Universities must stop accepting funding from fossil fuel companies to conduct climate research, even if the research is aimed at developing green and low-carbon technology, an influential group of distinguished academics has said.
Rowan Williams, the former archbishop of Canterbury, the Nasa data scientist Peter Kalmus, and prominent US climate scientist Michael Mann are among close to 500 academics from the US and the UK who have written an open letter addressed to all university leaders in the two countries, calling on them to reject all funding from fossil fuel companies.
Accepting money from fossil fuel companies represented “an inherent conflict of interest” and could “taint” essential research and “compromise” academic freedom, they wrote. For the companies, it was a chance to “greenwash” their reputations and skew the findings of research in a way favourable to them.
Awareness of the environmental and societal challenges facing our world has expanded dramatically in recent years. Since 2015, the year we published our inaugural report, Rising Leaders on Environmental Sustainability and Climate Change: A Global Survey of Business Students, an ongoing global pandemic has laid bare societal strains and inequalities in access to basic healthcare. Extreme weather events have intensified all over the planet. The sixth Intergovernmental Panel on Climate Change Report included unprecedented warnings of catastrophic global warming in the absence of immediate action. The U.S. signed—and then left, before rejoining—the Paris Agreement.
For this follow-up report, we surveyed students at the 32 business schools in the Global Network for Advanced Management, located in 30 countries across six continents. We have learned that the world’s business students consider themselves both highly concerned about climate change and social problems, and even more knowledgeable about their implications for business than they perceived themselves to be in our previous survey. By and large, they share a dismal opinion of businesses’ current efforts in these areas—and they’re eager to step in and help make change.
Teaching and learning, research and discovery, synthesis and creativity, understanding and engagement, service and outreach. There are many “core elements” to the mission of a great university. Teaching would seem the most obvious, but for those outside of the university, “research” (taken to include scientific research, scholarship more broadly, as well as creative activity) may be the least well understood. This creates misunderstanding of how universities invest resources, especially those deriving from undergraduate tuition and state (or other public) support, and the misperception that those resources are being diverted away from what is believed should be the core (and sole) focus, teaching. This has led to a loss of trust, confidence, and willingness to continue to invest or otherwise support (especially our public) universities.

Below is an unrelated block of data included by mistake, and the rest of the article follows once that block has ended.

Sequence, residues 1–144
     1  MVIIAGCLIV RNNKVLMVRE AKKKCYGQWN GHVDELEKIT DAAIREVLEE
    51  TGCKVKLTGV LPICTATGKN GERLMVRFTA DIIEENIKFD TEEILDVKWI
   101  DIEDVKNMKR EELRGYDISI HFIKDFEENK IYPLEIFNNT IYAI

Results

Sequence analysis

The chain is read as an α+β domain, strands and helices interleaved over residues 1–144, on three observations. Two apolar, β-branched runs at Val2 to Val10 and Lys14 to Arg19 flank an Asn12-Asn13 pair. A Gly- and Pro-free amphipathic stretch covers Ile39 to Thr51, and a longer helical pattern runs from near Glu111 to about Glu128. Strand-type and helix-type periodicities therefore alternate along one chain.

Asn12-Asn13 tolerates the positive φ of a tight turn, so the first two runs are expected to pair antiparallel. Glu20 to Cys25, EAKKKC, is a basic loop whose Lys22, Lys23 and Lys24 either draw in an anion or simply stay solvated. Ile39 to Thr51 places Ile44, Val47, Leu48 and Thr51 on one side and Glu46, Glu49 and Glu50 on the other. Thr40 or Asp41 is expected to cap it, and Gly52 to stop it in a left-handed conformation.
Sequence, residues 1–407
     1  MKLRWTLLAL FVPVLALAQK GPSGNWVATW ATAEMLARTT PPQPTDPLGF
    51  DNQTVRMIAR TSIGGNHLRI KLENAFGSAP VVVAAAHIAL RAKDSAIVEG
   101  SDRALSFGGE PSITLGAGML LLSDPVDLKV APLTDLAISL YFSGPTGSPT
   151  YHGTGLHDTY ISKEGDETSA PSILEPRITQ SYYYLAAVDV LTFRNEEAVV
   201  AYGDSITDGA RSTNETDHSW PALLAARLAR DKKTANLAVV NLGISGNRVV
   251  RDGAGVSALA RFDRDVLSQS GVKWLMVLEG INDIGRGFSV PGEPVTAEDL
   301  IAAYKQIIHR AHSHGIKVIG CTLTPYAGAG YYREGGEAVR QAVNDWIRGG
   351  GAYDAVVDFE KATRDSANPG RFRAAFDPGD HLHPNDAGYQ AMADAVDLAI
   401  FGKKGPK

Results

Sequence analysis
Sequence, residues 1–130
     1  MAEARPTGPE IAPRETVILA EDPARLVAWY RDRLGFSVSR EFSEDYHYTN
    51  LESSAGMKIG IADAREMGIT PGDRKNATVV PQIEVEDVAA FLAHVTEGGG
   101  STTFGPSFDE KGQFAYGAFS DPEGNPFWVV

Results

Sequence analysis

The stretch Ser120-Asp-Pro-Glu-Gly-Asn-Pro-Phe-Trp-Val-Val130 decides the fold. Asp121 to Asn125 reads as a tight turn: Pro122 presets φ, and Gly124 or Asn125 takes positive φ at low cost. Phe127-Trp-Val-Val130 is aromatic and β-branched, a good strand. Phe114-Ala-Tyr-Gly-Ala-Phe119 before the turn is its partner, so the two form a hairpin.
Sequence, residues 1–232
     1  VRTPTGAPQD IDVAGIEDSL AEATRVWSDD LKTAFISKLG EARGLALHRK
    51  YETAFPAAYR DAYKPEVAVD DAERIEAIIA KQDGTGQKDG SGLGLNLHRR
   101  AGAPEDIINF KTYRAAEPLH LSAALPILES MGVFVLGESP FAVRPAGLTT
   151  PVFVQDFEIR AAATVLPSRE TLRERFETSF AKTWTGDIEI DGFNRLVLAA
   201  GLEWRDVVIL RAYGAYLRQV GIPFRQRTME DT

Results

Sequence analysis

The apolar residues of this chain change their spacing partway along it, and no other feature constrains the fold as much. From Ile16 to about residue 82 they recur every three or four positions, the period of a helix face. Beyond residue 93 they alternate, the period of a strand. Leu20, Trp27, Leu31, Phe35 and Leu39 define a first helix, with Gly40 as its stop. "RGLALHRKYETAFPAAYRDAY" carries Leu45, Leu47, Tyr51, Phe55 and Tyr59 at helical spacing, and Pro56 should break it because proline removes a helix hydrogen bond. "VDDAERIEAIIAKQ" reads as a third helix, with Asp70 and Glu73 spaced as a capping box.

This report assesses the progress of 55 of the largest U.S. corporations in reducing greenhouse gas (GHG) emissions in line with the Paris Agreement’s objective of limiting global average temperature rise to 1.5 degrees Celsius above pre-industrial levels, which requires achieving “net zero” emissions by 2050. The primary finding from our analysis is that the overwhelming majority of companies assessed have neither established comprehensive, 1.5 degree-aligned GHG reduction goals nor demonstrated progress in reducing their emissions in alignment with net zero goals.
In many cuisines, okra serves as a master thickener of stews and soups. The goo from that fruit and other plants, such as aloe, cactus and psyllium, can also clean water and wastewater of some types of solid pollutants, as well as some that are dissolved. Now, researchers have demonstrated that combinations of these food-grade plant extracts can remove microplastics from wastewater.
The researchers will present their results today at the spring meeting of the American Chemical Society (ACS). ACS Spring 2022 is a hybrid meeting being held virtually and in-person March 20-24, with on-demand access available March 21-April 8. The meeting features more than 12,000 presentations on a wide range of science topics.
Risk mitigation efforts that started before the pandemic continue, from combating the effects of tariffs and trade wars to reducing the carbon footprint from operations and the extended supply chain. Supply Chain Dive examines the concept of resilient and sustainable supply chains — before, during and beyond COVID-19.
Included in this trendline:
5 freight technologies send supply chains on a greener path
So you want to reduce your supply chain emissions
From Section 301 to COVID-19: How a volatile China changed supply chains
Solar energy is taking off in the United States. The U.S. Energy Information Agency projects that solar power will account for nearly half of all new electricity-generating capacity in 2022. But this growth is not shared equally across the United States. For example, research published in Nature Sustainability found that Black- and Hispanic-majority census tracts have installed significantly less rooftop photovoltaics (PV) than no-majority and white-majority tracts.
To help address these gaps and ensure that the benefits of solar energy can be shared by all Americans, the National Renewable Energy Laboratory (NREL) has selected eight teams from across the country to join the third round of the Solar Energy Innovation Network (SEIN). The teams will work collaboratively to deepen understanding of the barriers that prevent more equitable adoption of solar energy in underserved communities. NREL will provide analytical support to the teams as they design and test solutions to overcome these barriers in their communities.
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